Lady Gaga arrived at Alice Tully Hall at Lincoln Center on Monday night dressed in what could best be described as a black latex leotard with a spiked thong bottom. It was hard to imagine—yet somehow it was true—that Lady Gaga sat politely in the audience for what must have been a full hour on that studded thong, before she was presented with the 2011 fashion icon award by the New York fashion industry. Lest her little monster fans worry, as she stepped on stage, her derriere did not appear to have been impaled.
The annual awards from the Council of Fashion Designers of America honor those designers, photographers, editors and red carpet walkers who have made a career out of glamour, sex appeal and a stubborn insistence that looking good—or at least looking interesting—is merely good manners.
Celebrities, from Sofia Coppola and Naomi Watts to Kanye West and Gerard Butler, came to honor the men and women who doll them up for the red carpet. But mostly, this was a night when the designers were able to take center stage and the actors, musicians and all the rest stood back and applauded.
Even Lady Gaga brushed off the gushing accolades and tried, as best she could, to return the attention to the folks who make the clothes—and how those frocks serve as a fanciful refuge for those who are insecure or just feeling lost. “I always felt like I’d already made it, before I made it, because of you,” Lady Gaga said to the fashion industry insiders gathered in the auditorium. “You made me feel like a star.” The audience thrilled to such sweet sentiment. If only she’d stopped there. But no.
Gallery: CFDA Awards
She made mention of a big black rat named “Black Jesus.” She intoned “Amen” to fashion. And then she strutted off stage in her black platform shoes—at least 10 inches tall—that looked as if the back of the heels had been bitten out by one of her little monsters. What, pray tell, just blew across the stage? It didn’t matter to the audience. It was a Gaga love fest.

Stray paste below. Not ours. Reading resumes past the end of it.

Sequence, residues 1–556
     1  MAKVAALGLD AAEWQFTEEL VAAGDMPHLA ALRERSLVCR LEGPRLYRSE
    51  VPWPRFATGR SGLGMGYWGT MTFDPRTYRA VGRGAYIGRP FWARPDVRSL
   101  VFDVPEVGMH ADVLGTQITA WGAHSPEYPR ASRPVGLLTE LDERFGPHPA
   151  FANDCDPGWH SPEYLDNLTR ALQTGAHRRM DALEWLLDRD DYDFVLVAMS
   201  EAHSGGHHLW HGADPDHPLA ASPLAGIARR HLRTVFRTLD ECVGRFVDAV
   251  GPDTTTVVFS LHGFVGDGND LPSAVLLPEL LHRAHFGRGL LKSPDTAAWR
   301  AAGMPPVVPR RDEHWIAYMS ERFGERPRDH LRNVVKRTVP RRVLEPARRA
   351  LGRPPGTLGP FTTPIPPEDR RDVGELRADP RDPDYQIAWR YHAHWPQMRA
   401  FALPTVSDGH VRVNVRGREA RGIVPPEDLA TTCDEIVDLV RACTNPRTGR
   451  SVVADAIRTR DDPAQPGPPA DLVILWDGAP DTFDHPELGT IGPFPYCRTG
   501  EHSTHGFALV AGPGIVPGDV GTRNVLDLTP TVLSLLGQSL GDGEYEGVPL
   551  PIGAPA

It was an especially warm and giddy show for an industry known for being both cynical and judgmental.
Kanye West was on stage to introduce Phoebe Philo , who was given the International Award celebrating her work with the Paris-based brand, Celine. Philo has turned the moribund label into a powerhouse of minimalism. But given West’s history there was a good chance that he might take the opportunity to go rogue about how some other designer was more deserving or that he himself deserved the award. Would there be some sort of signature West wackiness? No, no. He was on his best behavior. Indeed, Philo’s skill was dynamic enough that it practically made West go weepy as he shared his love for her work and admitted to even trying on some of her womenswear at the Celine store in Paris, even though he knew he’d have hell to pay on the hip-hop blogs.
It was an especially warm and giddy show for an industry known for being both cynical and judgmental. Sofia Coppola gave Marc Jacobs his Lifetime Achievement Award, and he turned emotional when speaking of his dedicated business partner, Robert Duffy, who has supported him through tough times, both professional and personal.
Hilary Alexander, who is retiring after 25 years as the fashion editor of Britain’s Daily Telegraph, spoke lovingly about her passion for the fashion industry. InStyle’s Hal Rubenstein, honored with the Eleanor Lambert Award, made folks swoon when he spoke of his parents and how his mother gave him a love for words but his father passed on the simple joy that comes from loving someone unconditionally. And Arthur Elgort was celebrated for the spirit and pleasure he brings to his photography.
The awards welcomed several new designers into the spotlight. The Swarovski awards for best up-and-comers went to Prabal Gurung for womenswear, Robert Geller for menswear, and Eddie Borgo for accessories.
Menswear designer of the year was Michael Bastian for his modern take on Ivy League style. Alexander Wang was accessories designer of the year, thanks to his ability to capture the mood and attitude of a club-kid-the-morning-after in a pair of leather-trimmed stilettos. And Proenza Schouler won for best womenswear with a collection that was both wearable and artful.
It was a good night for American fashion as a new generation of designers stepped into the top ranks—at least creatively. Their businesses still have a ways to go before they compare to stalwart brands like Ralph Lauren and Calvin Klein. Still, it was a testament to the support that the CFDA provides young designers through mentoring and grants that so many of them are still standing after the recession. And it’s a testament to the industry as a whole that folks are no less creative and are all the more enthusiastic about the future.